But since we are obliged to see the whole Bible, along with the classical inheritance, as fundamental to our civilization, and since the wholeness of heart that is peace is the subject of this laborious meditation of mine, it is necessary to quote Jesus’s comment in the Sermon on the Mount upon such interpretations of the sixth commandment:
“Ye have heard that it hath been said, Thou shalt love thy neighbor, and hate thine enemy. But I say unto you, Love your enemies, bless them that curse you, do good to them that hate you, and pray for them which despitefully use you, and persecute you. That ye may be the children of your Father which is in heaven; for he maketh his sun to rise on the evil and on the good, and sendeth rain on the just and on the unjust. For if ye love them which love you, what reward have ye? do not even the publicans the same?”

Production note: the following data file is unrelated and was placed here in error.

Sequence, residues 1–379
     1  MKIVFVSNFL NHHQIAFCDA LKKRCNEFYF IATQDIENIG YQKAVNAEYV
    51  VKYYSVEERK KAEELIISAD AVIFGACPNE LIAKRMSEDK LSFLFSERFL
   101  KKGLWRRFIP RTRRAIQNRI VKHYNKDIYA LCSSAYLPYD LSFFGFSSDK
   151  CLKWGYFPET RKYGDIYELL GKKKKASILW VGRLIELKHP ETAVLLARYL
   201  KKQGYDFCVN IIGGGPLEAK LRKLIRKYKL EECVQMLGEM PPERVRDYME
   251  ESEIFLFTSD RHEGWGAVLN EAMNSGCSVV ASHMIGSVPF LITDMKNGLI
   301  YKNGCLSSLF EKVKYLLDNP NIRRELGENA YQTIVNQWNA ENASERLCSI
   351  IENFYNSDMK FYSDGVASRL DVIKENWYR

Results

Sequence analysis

That no doubt is the most unknown widely published statement and the best-kept secret in the history of the world. The Israelites themselves construed “kill” as “murder,” and at Jericho, Joshua and his invaders established a terrible precedent: Having received from God, as they believed, permission to do pretty much what they wanted to do, they “consecrated unto the Lord” that city’s precious metals and the metal pots and pans, and “utterly destroyed all that was in the city, both man and woman, young and old, and ox, and sheep, and ass, with the edge of the sword.” This granted in effect a powerful permission to humanity to follow its lowest instincts, and the “Christian nations” since Constantine have followed Joshua rather than Jesus–Joshua and Jesus being opposite biblical persons with oddly (in Hebrew) the same name.
Wendell Berry, The Need to Be Whole: Patriotism and the History or Prejudice, 142-143
Leave a Reply
You must be logged in to post a comment.